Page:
1. Missing the Diagnosis Altogether
2. Misidentifying the Impaired Cognitive Domain
3. Missing Important Clues in the History
4. Failure of Pattern Recognition
5. Difficult to Characterize Cognitive/Behavioral Disorders
6. Clinical Findings that are Subtle
7. Misinterpreting Test Results
8. Attributing Findings to a Known or Suspected Disorder
9. Missing Radiographic Clues
10. Management Misadventures.
Clinical case studies are fundamental in cementing theoretical training, especially for neurological disorders where diagnosis can be difficult. This book describes a variety of clinical scenarios associated with either the misdiagnosis or incorrect management of cognitive and behavioral neurological syndromes, identifying common pitfalls, which are discussed in detail. Each case emphasizes the importance of information derived from the patient's history and physical examination in forming a correct diagnosis. Focusing on disorders and presentations that are a frequent source of confusion, key diagnostic principles are illustrated clearly. Questions to the reader move the narrative along logically, whilst highlighting specific aspects of clinical presentation that lead to the correct diagnosis. Videos of patients connect readers to the cases and demonstrate how to avoid diagnostic pitfalls. An online version of the book can be accessed on Cambridge Core, via the code printed on the inside of the cover.
• Includes access to an HTML version of the text on Cambridge Core, with illustrative videos of examinations that center the discussion on real patients, and help readers connect to the material
• Discussing a wide range of disorders, succinct tables and figures condense vital information and make the text more accessible to readers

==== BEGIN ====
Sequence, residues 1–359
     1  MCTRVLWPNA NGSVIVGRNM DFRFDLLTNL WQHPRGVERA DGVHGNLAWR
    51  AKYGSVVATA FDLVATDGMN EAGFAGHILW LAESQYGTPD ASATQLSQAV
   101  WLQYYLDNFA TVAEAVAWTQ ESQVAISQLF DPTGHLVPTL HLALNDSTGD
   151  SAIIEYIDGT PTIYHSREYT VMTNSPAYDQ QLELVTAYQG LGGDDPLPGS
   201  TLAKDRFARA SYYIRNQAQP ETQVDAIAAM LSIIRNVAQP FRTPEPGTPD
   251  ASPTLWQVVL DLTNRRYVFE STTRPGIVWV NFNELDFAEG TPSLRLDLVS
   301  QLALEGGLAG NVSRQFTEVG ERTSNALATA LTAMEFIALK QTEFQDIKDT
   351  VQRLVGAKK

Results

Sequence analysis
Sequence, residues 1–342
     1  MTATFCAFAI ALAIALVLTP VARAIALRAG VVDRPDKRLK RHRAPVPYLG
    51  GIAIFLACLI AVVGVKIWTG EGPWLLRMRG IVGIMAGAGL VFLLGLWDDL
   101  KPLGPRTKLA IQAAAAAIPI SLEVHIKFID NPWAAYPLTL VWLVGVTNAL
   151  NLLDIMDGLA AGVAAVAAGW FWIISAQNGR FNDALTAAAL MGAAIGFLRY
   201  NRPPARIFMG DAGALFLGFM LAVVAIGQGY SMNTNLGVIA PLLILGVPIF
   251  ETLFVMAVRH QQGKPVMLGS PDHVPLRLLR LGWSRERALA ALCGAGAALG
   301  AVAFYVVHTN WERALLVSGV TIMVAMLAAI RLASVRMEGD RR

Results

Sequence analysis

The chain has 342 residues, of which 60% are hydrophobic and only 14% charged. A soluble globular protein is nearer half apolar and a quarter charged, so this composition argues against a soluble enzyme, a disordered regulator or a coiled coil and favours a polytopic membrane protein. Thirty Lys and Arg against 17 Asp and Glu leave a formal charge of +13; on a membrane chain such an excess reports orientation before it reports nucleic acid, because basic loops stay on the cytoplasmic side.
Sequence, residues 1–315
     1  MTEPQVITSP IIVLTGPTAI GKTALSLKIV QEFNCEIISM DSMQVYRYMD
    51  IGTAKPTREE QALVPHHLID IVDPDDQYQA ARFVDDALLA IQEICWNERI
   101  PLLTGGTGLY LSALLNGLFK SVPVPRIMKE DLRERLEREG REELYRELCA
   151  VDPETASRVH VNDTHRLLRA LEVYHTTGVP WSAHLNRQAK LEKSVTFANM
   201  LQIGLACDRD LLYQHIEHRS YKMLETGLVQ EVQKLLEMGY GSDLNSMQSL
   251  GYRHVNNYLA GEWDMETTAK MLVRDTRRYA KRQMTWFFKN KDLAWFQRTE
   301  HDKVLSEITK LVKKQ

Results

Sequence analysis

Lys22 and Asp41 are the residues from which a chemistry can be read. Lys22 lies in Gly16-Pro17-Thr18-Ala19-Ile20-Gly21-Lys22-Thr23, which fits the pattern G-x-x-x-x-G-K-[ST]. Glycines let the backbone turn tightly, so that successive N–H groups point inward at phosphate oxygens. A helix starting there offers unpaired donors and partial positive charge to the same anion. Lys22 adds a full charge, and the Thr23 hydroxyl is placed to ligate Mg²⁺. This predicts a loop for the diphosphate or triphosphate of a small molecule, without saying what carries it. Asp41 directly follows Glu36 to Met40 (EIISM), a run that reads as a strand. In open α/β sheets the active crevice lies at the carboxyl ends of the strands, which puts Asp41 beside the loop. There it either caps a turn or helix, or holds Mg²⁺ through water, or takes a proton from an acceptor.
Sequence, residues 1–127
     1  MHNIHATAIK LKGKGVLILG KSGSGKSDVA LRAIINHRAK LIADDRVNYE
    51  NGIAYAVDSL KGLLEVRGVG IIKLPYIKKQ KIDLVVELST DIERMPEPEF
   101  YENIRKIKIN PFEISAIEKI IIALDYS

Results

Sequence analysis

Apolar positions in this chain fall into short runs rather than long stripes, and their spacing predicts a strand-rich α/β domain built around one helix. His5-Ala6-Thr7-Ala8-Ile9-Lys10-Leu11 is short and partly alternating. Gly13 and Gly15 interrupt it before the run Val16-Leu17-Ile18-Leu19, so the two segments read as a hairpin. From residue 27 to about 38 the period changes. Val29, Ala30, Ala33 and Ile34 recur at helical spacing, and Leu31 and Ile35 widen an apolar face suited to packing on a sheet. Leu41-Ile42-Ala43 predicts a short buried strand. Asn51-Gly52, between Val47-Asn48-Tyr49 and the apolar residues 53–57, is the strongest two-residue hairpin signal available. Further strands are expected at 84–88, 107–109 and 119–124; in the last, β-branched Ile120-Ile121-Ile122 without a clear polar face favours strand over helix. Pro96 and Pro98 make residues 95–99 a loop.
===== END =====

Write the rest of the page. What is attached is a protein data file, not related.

• Provides a well-rounded and comprehensive approach to cases with contributions from experts in different fields, ranging from cognitive neurologists, psychiatrists, and movement disorder specialists
• Keith Josephs, Mayo Clinic Alzheimer’s Disease Research Center
Keith Josephs is Professor of Neurology and Neuroscience and Co-director of the Neurodegenerative Research Group at Mayo Clinic, Minnesota, USA.
• Federico Rodriguez-Porcel, University of Cincinnati
Federico Rodriguez-Porcel is an Assistant Professor of Neurology in the Movement Disorders and Behavioral Neurology Divisions at the Medical University of South Carolina, South Carolina, USA.
• Rhonna Shatz, University of Cincinnati
Rhonna Shatz is the Bob and Sandy Heimann Chair in Alzheimer's Disease Research and Education and Director of the Cognitive Disorders Clinic at the University of Cincinnati, Ohio, USA.
• Daniel Weintraub, University of Pennsylvania
Daniel Weintraub is Professor of Psychiatry and Neurology at the University of Pennsylvania School of Medicine and Psychiatrist at the Parkinson's Disease Research, Education and Clinical Center (PADRECC) at the Philadelphia Veterans Affairs (VA) Medical Center, Philadelphia, USA.
• Alberto Espay, University of Cincinnati
Alberto Espay is Professor and Endowed Chair of the James J and Joan A Gardner Center for Parkinson's disease at the University of Cincinnati, Ohio, USA.